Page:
Next, the physician of the year award was given to Dr. Blair Grubb. A video was shown dedicated to his wife who he lost this last year. It was absolutely beautiful and extremely sad. He didn’t speak, but it was beautiful and I don’t think he needed to.

Volunteers of the year Sarah Mendelowitz and Hanna Gully were announced and the people who ran the conference as well. They also really helpful in the talk about advocacy.

Meanwhile, there was more food my stomach wasn’t going to let me eat, drinks, and a very small dance party in the middle of the floor. Mostly teens, it was adorable. I didn’t stick around through much after that; I was exhausted from the day before.

Sunday & Lobby Day

The next day started bright and early with more talks and presentations. Later in the day we had a short lunch break and then more talks. About midday when I wasn’t too interested in the topics I ducked into a room near the presentations to participate in Mayo Clinic’s research. The research involved the Beighton Test (surprise I still have hEDS), questions, an examination of your legs for blood pooling, a blood draw, and a lying and standing blood pressure and heart rate monitor. It was nice to feel that I was contributing to learning more about POTS.

After the last presentation there was a final question and answer panel. It was a little crazy. A lot of the questions were great, some were not. A lot of the answers were great, or some went on and on for fifteen minutes saying nothing.

At the end of the day Sunday there was a training for Lobby Day which just under 100 people participated in. With how hot Washington DC was and how short on spoons I was doing I decided to skip the Lobbying. Honestly, I was amazed that I didn’t have to skip more presentations. It was a really long couple of days, especially after traveling with POTS. I opted for swimming and talking with some other POTS patients before I went back to my room for a movie.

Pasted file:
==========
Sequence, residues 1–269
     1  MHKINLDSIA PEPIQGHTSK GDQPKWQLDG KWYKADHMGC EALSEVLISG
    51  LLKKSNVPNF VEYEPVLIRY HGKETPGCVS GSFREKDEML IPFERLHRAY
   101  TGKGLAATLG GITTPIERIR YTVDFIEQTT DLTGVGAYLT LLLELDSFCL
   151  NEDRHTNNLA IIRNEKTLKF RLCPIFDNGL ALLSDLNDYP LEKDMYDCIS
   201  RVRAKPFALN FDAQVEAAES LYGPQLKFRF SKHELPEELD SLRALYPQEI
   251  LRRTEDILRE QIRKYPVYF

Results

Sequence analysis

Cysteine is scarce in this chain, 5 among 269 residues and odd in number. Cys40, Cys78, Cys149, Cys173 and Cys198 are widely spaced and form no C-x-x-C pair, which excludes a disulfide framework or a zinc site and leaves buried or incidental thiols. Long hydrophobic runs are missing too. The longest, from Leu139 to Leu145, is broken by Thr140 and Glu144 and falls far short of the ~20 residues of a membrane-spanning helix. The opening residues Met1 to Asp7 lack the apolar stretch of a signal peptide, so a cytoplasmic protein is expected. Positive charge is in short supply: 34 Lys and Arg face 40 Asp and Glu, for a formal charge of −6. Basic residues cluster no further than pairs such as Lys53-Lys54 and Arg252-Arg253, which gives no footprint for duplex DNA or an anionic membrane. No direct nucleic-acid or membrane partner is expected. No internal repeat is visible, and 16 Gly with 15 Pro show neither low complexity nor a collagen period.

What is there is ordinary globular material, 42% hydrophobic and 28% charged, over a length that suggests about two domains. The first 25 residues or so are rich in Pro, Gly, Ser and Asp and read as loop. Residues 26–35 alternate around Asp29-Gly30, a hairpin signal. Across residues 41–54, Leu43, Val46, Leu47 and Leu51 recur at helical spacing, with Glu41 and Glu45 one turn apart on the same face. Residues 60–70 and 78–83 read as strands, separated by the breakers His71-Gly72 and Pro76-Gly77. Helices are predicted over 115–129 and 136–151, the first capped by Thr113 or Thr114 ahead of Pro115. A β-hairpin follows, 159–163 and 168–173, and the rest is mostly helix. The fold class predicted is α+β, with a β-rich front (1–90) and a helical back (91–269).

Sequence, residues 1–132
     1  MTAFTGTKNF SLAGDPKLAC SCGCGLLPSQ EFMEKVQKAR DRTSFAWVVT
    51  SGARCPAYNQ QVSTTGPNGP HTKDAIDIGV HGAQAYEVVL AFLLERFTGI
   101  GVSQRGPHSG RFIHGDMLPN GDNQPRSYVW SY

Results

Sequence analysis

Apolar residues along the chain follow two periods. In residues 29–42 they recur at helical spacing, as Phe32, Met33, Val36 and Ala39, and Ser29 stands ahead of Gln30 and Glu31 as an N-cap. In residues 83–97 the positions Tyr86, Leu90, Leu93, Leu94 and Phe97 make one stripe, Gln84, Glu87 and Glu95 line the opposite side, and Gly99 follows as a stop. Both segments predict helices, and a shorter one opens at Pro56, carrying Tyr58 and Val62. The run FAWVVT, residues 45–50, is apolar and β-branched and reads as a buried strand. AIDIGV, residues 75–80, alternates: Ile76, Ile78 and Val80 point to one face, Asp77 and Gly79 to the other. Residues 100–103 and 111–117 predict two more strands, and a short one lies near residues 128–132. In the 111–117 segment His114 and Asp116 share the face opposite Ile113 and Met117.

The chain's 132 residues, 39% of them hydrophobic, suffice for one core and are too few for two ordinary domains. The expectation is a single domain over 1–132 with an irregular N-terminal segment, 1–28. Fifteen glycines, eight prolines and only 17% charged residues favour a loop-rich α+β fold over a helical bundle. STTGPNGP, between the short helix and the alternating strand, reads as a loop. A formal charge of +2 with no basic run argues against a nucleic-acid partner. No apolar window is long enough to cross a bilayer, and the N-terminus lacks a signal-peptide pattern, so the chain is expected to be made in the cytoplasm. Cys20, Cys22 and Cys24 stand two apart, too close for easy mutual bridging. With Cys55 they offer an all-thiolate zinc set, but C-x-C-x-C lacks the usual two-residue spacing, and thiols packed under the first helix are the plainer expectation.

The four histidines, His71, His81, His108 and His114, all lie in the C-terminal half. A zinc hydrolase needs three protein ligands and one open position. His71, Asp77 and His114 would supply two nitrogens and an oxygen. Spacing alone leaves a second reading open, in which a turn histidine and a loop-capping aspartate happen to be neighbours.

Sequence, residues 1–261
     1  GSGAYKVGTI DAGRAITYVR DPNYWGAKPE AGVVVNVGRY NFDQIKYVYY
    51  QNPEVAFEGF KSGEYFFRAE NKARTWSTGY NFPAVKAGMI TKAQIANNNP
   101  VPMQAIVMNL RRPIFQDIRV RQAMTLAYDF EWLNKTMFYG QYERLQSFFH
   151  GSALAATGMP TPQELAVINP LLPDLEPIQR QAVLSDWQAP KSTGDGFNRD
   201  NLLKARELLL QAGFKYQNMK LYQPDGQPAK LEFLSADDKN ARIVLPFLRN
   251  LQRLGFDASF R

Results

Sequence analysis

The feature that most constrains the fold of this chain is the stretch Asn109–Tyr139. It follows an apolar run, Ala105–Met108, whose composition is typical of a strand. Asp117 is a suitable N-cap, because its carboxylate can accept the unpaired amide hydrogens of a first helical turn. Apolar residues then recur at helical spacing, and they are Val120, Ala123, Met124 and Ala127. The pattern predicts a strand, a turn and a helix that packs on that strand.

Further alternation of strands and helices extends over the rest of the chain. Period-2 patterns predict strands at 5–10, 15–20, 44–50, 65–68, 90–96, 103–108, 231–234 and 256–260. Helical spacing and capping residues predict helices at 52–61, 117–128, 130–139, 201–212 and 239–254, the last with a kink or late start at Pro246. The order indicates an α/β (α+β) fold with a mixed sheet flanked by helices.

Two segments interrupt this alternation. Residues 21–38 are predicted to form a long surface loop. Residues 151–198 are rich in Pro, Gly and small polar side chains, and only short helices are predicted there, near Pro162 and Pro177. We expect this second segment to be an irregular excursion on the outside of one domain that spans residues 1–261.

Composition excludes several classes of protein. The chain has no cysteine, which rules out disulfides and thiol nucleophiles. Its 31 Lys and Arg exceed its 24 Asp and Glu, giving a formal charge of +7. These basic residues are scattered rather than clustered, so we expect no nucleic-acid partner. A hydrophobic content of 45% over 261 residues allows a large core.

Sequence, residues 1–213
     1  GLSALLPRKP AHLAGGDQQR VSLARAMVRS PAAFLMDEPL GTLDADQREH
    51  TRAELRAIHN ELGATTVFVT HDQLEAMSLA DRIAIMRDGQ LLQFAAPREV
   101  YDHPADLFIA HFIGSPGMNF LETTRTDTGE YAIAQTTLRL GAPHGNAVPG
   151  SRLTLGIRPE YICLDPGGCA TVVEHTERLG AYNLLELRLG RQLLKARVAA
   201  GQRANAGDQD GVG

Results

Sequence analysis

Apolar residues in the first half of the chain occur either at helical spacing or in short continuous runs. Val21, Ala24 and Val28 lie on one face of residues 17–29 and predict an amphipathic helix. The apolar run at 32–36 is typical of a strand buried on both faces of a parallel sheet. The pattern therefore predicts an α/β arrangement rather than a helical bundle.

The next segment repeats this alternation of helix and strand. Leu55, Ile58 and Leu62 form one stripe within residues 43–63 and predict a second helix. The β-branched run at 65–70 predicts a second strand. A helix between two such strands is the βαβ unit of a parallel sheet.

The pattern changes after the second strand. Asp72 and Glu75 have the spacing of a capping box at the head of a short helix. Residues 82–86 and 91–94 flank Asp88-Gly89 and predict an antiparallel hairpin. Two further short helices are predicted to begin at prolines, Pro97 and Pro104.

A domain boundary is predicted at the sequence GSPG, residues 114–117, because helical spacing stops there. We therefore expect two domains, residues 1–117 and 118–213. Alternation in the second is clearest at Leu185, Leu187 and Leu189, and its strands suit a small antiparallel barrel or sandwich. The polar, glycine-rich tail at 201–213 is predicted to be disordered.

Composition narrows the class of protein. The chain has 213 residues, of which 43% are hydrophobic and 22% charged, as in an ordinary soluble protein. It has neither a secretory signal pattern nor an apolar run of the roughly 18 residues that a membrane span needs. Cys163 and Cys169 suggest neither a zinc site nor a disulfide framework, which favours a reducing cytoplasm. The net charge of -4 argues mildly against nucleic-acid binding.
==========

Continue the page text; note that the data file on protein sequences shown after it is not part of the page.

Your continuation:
Standing ovations were given multiple times at the conference. Everyone certainly deserved them- I just found it funny at a Dysautonomia Conference.

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Oh good we are standing again.

The overall feel of the conference was one of hope, support, and positivity for the future. I hope to be able to attend again. The people who ran the conference were really amazing and did an absolutely wonderful job.

19 Ways To Get Involved in Dysautonomia Awareness Month In October

Did you know that October is Dysautonomia Awareness month? Raising awareness is so important for Dysautonomia patients. Even though there are a lot of us, there are so many people (including doctors) who don’t know anything about Dysautonomia. The Dysautonomia International Conference had an excellent talk on things you can do to raise awareness. Many of these ideas are from Dysautonomia International and I threw a few in there as well. So here are some things you can do to get involved and raise awareness from most involvement to least (I haven’t done most of these so it is my perceived involvement/ difficulty):

1. Plan a Run/Walk**

This is definitely not something that happens overnight. I suggest planning ahead by months. If you want to hold a run or walk in October start planning now! These events raise a lot of money, but also include a lot of work and money invested.

2. Hold A Concert**

If you are a band, know musicians, and can get a venue nailed down concerts can be a great way to raise funds. This is another event that involves a lot of pre-planning.

3. Plan a Dance Marathon**

I am currently planning one of these for October in Denver. You have to use some of your own money to find a venue but beyond that it hasn’t been too difficult yet. If you live close (or even if you don’t) I would love your help.

4. Plan a Restaurant Night*

A lot of restaurants will hold fundraiser nights. Basically you invite people to the venue and a percentage goes to that fundraiser.Depending on the restaurant it may take more or less involvement.